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Printing a Single Line by Line Number with Sed

20.05.2006 at 22:50

Well it turned out that I am not yet that comfortable in shell scripting. I often get error messages which indicating the line numbers on which a problem occurs and I wanted to print that single line of a given file. So I ended up with a solution which was built upon a combination of head and tail, before I finally realized that sed is the right tool for the job.

sed -ne 7p filename

Prints out line number 7 of filename, if you want some context which is likely then supply a range instead of a single line, which can be accomplished as follows.

sed -ne 5,10p filename

Marc

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Avoid Console Beeping (within VMware)

20.05.2006 at 10:01

In the office where we have Windows clients I quite often use VMWare to test something. In Debian by default the shell beeps if there are multiple possibilities after hitting [Tab], well this gets pretty annoying over time. The obvious and simplest solution would be to just disconnect the virtual sound device from the VM. However, if you need/want sound in some cases this is not ideal. So i ended up with the following settings in my ~/.inputrc or system wide /etc/inputrc.

set bell-style none

Marc

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MySQL Administration: Backup and Security Strategies on Linux

16.04.2006 at 19:51

I found the following slides from the OpenSource Database Conference 2005 which cover MySQL Administration: Backup and Security Strategies on Linux quite interesting.

Marc

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PHP Development with Eclipse

15.04.2006 at 22:43

With PHPEclipse there is a decent plugin for PHP within Eclipse available, although it isn't yet as feature rich as Eclipse for Java development it is quite usable. In combination with the Subversion plugin development becomes even easier.

For both PHPeclipse and Subclipse are well documented install instructions available.

Note that there is also an official PHP-IDE from Eclipse which is developed together with Zend. This is however in a early development state and I haven't had time to take a closer look at it. In the long term this is probably the solution to go with.

All in all I am quite happy with the development environment.

Marc

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Subversion Backend Selection and Authentication Configuration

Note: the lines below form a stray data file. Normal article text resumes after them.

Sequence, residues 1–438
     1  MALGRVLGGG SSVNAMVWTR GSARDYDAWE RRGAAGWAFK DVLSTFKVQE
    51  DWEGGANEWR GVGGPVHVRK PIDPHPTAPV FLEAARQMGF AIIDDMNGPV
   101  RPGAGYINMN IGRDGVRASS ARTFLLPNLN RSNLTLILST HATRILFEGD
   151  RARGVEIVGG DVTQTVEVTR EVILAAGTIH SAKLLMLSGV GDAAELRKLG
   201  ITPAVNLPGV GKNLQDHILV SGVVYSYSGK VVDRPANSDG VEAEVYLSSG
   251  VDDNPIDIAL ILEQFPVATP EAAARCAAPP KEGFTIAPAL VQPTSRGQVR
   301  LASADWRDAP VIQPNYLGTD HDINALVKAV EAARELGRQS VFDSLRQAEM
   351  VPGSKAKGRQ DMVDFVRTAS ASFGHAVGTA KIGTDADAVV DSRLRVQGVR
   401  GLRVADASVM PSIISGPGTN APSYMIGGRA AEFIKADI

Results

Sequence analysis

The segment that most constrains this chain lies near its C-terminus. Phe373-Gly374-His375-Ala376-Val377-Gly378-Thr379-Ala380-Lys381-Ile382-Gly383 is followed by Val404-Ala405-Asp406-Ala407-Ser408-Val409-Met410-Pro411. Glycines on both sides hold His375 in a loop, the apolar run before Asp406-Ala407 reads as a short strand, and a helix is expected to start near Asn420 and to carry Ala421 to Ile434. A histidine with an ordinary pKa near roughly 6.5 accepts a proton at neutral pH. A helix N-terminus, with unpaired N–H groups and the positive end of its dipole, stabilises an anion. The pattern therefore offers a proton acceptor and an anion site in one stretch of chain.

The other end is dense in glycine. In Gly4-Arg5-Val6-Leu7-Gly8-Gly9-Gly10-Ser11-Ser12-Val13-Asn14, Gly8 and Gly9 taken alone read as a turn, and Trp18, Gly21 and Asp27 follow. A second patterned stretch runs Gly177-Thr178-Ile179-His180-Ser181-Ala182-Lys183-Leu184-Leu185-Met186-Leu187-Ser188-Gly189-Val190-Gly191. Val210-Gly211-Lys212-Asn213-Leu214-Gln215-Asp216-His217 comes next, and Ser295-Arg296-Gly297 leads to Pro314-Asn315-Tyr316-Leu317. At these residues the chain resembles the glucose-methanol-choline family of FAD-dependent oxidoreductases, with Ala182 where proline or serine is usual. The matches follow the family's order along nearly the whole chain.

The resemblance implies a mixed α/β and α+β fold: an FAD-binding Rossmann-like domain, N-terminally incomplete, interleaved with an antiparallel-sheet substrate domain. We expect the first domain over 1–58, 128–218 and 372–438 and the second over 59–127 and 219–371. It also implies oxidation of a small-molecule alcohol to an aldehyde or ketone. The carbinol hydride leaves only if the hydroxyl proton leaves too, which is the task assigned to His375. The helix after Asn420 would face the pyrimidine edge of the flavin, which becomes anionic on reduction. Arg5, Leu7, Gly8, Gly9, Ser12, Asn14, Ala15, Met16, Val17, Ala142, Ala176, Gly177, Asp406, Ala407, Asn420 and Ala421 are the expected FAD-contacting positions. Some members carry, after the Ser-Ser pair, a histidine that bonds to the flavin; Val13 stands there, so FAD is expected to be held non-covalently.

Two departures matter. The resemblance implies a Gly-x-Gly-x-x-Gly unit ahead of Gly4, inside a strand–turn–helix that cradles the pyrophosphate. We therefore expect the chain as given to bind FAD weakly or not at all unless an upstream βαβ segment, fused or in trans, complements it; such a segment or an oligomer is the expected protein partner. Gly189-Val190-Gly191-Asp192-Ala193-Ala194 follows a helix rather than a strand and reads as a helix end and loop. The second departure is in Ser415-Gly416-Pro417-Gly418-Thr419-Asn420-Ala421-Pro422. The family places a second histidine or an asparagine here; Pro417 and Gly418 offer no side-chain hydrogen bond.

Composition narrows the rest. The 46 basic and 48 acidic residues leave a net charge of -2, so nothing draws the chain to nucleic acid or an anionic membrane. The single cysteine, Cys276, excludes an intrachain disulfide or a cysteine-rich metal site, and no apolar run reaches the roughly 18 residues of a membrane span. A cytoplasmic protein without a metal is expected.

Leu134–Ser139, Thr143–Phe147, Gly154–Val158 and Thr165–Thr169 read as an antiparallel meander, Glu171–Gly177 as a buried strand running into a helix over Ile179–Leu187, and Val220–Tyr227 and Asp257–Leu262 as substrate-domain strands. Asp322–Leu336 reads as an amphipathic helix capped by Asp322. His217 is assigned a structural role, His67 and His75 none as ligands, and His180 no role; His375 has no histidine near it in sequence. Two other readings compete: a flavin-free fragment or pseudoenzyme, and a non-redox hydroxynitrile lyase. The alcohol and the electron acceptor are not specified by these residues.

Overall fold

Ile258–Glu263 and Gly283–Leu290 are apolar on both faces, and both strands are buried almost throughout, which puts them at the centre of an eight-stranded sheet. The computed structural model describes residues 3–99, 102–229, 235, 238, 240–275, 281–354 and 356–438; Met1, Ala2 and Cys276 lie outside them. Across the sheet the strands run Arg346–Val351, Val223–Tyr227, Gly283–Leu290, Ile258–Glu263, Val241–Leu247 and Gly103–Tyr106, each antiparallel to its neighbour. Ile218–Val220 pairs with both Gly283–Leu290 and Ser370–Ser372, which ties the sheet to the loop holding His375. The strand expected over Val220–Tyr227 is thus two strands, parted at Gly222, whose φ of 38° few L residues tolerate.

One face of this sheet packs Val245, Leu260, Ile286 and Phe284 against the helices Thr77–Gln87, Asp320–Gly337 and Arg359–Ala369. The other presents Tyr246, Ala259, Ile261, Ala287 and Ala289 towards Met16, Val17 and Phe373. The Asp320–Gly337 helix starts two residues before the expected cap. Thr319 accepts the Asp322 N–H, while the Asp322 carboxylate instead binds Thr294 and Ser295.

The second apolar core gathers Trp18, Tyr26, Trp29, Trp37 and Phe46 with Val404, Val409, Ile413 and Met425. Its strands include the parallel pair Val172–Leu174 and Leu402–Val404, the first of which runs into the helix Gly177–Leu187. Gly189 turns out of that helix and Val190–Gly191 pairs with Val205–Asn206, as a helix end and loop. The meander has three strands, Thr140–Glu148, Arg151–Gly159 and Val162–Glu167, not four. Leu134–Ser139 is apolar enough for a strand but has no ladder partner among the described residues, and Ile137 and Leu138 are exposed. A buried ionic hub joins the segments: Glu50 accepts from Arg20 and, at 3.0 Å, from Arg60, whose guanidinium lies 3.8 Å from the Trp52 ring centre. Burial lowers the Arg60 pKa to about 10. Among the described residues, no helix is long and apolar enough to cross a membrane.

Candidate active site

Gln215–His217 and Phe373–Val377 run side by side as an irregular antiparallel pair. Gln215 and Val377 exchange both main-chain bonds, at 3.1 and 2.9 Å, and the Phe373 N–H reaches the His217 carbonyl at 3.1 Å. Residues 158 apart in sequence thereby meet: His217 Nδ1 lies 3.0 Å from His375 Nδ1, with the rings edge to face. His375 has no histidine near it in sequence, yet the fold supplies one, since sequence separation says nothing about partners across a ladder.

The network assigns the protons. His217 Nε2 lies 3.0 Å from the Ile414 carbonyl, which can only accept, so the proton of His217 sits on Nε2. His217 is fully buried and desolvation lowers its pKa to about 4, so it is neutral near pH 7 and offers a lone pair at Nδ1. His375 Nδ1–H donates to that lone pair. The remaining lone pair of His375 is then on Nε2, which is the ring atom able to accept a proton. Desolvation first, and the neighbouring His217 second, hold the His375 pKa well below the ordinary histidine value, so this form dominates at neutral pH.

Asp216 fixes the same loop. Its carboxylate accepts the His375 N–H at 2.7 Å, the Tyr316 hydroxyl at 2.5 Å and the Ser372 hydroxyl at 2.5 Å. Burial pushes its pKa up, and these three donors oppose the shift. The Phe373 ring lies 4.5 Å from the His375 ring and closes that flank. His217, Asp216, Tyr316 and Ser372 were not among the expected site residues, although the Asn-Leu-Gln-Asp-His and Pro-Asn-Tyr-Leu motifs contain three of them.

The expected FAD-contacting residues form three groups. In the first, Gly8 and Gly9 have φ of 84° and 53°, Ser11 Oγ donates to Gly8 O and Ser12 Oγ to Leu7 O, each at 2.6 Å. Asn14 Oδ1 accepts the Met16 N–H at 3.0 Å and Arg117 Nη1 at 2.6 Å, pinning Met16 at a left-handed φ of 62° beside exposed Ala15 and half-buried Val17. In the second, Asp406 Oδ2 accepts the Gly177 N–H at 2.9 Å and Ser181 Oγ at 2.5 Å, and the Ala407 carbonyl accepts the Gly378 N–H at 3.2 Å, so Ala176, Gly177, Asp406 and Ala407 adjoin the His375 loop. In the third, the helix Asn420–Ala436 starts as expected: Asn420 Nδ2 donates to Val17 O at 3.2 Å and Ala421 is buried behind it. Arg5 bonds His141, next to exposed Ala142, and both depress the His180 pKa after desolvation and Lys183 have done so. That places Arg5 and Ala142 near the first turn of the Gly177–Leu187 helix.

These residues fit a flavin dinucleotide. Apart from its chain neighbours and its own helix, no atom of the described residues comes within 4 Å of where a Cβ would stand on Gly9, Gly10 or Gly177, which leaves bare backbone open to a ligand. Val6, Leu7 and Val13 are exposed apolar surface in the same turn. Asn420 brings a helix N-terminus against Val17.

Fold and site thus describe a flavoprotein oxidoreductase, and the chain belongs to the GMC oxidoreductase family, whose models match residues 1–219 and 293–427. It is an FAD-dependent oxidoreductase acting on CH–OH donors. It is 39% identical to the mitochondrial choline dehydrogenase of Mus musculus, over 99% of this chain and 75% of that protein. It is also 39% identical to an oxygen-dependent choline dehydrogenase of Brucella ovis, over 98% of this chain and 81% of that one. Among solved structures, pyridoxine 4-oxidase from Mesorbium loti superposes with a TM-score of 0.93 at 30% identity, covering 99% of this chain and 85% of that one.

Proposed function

25.03.2006 at 23:31

After a few DB corruption and journal recovering with the Berkley DB backend I strongly advise you to use the filesystem based backend instead. I think it is by now the default, but to be sure set it on the command line. By the way here is a comparison of the different backends. Personally I like the fact that if needed the repository data can be manipulated by standard tools.

svndadmin create --fs-type fsfs repo

Once the repository is created you can add your files.

svn import . file:///home/svn/repo -m "Initial commit."

Authentication with svnserve (from the docs)

The default svnserve setup provides anonymous read-only access. This means that you can use a svn:// URL to checkout and update, or use the repo-browser in TortoiseSVN to view the repository, but you won't be able to commit any changes.

To enable write access to a repository, you need to edit the conf/svnserve.conf file in your repository directory. This file controls the configuration of the svnserve daemon, and also contains useful documentation.

You can enable anonymous write access by simply setting:

[general]
anon-access = write

However, you will not know who has made changes to a repository, as the svn:author property will be empty. You will also be unable to control who makes changes to a repository. This is a somewhat risky setup!

One way to overcome this is to create a password database:

[general]
anon-access = none
auth-access = write
password-db = userfile

Where userfile is a file which exists in the same directory as svnserve.conf. This file can live elsewhere in your file system (useful for when you have multiple repositories which require the same access rights) and may be referenced using an absolute path, or a path relative to the conf directory. The userfile should have a structure of:

[users]
username = password
...

This example would deny all access for unauthenticated (anonymous) users, and give read-write access to users listed in userfile.

Just in case you do not already know, there is an ebook online which covers Subversion in depth.

Marc

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